By Cody Hooks The Taos News |

For nearly 40 years, Norman Tveit has carried around a scrap of leather embossed in ornate, gold letters, clearly some humble artifact of regalia. But he never knew what to do with it. Donate it to a museum? Sell it on the Internet?

Now he’s sharing the image, believed to be the only known example of the royal seal of Haile Selassie I of Ethiopia, as part of a campaign to help the late emperor’s country now suffering from drought.

The royal seal bears the initials of Selassie, who died in 1975 after a coup d’etat. Selassie helped usher in the creation of the League of Nations, the forerunner of the modern United Nations.

Selassie also gained a following of many Rastafarian believers who think him to be the returned messiah and an incarnation of God. He was also known as the last blood descendant of King Solomon and the queen of Sheba.

“He was a great leader in Ethiopia and Africa – and globally,” Norman Tveit said.

With a legacy like Selassie’s, it’s only fitting this image of his royal seal be shared with the world as part of an effort to alleviate conditions brought on by drought in an otherwise robust country. He’s selling posters with the image with proceeds going to Save the Children, an international aid organization.

“It’s a legacy thing,” he said. “I’ve had it for a long time and never knew what to do with it.”

When he saw the footage of Ethiopia’s drought — brought on by El Niño winds since June 2015, making once-lush regions barren and causing food shortages — everything came together. “I thought the seal was a perfect fit. In a way, the hope is to resurrect Haile Selassie to help the people of Ethiopia,” Norman Tveit said.

Ethiopia is considered one of the world’s fastest-growing economies, but the drought has affected life to the point that Save the Children calls that situation and the war in Syria the worst humanitarian crises.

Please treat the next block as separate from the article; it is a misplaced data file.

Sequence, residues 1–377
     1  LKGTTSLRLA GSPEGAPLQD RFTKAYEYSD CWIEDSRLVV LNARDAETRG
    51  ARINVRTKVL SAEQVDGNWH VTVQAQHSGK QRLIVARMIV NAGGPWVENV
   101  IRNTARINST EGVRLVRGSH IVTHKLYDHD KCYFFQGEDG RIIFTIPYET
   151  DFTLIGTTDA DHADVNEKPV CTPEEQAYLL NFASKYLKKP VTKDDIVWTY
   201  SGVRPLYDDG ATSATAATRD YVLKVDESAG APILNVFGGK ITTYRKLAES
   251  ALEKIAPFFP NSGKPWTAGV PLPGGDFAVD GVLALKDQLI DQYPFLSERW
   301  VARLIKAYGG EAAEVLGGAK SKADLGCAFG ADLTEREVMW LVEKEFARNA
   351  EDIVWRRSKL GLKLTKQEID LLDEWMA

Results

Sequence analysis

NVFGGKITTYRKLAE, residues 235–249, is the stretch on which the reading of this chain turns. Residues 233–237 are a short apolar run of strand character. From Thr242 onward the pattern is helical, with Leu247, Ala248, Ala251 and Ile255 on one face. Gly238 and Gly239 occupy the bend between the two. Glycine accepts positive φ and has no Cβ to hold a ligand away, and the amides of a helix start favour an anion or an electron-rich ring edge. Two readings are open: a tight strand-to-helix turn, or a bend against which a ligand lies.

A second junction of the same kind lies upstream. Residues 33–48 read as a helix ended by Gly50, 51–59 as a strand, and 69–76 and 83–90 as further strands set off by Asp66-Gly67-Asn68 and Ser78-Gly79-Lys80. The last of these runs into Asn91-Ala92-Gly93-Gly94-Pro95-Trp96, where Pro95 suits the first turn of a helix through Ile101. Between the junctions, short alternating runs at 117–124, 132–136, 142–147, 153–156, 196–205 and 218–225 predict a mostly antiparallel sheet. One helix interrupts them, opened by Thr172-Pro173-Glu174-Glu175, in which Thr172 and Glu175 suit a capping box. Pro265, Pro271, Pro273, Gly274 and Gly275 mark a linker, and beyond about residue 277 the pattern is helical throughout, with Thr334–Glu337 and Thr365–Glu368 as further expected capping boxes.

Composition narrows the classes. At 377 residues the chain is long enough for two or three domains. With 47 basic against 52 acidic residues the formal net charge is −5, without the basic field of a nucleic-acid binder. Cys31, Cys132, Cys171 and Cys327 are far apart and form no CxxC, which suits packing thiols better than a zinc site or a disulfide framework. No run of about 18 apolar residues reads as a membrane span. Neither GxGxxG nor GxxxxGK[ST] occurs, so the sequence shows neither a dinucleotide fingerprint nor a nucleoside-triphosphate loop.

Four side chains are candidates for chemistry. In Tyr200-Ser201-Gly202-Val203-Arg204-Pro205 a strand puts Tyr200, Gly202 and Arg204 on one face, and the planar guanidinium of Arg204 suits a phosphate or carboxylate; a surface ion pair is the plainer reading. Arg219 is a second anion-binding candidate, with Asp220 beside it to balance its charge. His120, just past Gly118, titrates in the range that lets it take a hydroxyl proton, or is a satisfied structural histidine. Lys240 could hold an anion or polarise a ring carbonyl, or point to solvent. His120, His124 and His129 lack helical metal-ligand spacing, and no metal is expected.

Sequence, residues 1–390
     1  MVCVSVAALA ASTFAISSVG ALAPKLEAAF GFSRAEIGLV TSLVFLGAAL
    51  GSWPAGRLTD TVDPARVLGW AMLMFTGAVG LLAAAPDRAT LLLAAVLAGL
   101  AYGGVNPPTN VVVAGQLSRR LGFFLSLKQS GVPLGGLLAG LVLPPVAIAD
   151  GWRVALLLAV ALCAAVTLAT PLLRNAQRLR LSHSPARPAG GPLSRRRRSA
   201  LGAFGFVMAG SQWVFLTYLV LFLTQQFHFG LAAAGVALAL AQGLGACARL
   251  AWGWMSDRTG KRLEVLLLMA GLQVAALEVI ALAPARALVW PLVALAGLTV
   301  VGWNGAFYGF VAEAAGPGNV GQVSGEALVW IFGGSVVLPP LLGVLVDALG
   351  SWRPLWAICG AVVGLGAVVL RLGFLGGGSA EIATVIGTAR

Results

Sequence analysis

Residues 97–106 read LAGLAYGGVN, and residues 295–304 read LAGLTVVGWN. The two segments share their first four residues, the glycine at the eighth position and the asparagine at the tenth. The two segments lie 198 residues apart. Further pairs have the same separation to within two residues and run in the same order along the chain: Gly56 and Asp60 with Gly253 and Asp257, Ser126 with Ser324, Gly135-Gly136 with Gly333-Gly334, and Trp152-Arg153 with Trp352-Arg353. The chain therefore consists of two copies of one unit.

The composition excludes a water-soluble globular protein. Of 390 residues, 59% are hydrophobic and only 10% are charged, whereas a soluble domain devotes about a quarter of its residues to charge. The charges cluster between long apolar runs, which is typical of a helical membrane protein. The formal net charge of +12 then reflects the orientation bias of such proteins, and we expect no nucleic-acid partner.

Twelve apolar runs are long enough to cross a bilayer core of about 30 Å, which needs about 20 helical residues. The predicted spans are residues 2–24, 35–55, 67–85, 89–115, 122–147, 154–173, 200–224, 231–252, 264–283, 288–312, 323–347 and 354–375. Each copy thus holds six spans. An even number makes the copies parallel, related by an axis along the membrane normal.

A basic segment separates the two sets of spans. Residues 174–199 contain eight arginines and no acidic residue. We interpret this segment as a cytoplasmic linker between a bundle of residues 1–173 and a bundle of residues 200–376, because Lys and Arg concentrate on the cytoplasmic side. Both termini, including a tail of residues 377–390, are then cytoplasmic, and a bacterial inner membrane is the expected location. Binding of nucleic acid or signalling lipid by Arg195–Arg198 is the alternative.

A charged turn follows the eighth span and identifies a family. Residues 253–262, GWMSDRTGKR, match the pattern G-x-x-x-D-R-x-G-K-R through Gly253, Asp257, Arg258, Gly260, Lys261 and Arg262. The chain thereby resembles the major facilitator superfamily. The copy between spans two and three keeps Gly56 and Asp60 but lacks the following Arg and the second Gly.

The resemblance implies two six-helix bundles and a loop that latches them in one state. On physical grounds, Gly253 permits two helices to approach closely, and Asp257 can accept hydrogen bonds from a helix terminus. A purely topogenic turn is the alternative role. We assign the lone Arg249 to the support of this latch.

“There’s so much misery and strife in the world,” Norman Tveit said. “You can only do what you can do. This gave us the opportunity, in our little way, to begin to turn the tide.”

For the moment, Norman Tveit is getting the word out about the seal, poster and Ethiopian drought. His home, tucked into the Arroyo Hondo valley, is the base of operations of what he hopes will become a global initiative. “We’re moving this all over the world,” he said.

But while getting the word out, Norman Tveit reminds himself that “everything begins with baby steps.”

As Norman Tveit describes the Haile Selassie seal, it’s “a pretty rare image that has been relatively unavailable.” From talks with the Smithsonian Museum as well as private collectors, it appears this image is the only known example of Selassie’s personal seal. In gold lettering, it shows some of the letters of Selassie’s initials, wrapped in a royal crown.

The image came from a scrap of leather Norman Tveit received after his father’s death in 1978.

Tveit’s father, Thor Tveit, was a furniture maker and industrial designer, who worked for Selassie while visiting Ethiopia in the early 1950s and again later in Norway. During one of those two trips, Norman Tveit told The Taos News, his father acquired the seal image.

The elder Tveit died in 1978 and left his 20-year-old son the artifact. “I didn’t understand what he was talking about then. I’ve been carrying this with me for a long time. To be able to share this now …” he said, getting a little choked up, “… it makes me feel good.”

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